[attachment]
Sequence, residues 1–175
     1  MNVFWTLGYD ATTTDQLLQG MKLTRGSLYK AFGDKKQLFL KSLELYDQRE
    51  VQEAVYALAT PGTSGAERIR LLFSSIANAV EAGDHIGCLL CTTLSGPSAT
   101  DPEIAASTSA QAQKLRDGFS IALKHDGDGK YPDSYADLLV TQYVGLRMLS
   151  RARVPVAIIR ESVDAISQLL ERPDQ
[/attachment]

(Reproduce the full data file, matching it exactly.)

Sequence, residues 1–175
     1  MNVFWTLGYD ATTTDQLLQG MKLTRGSLYK AFGDKKQLFL KSLELYDQRE
    51  VQEAVYALAT PGTSGAERIR LLFSSIANAV EAGDHIGCLL CTTLSGPSAT
   101  DPEIAASTSA QAQKLRDGFS IALKHDGDGK YPDSYADLLV TQYVGLRMLS
   151  RARVPVAIIR ESVDAISQLL ERPDQ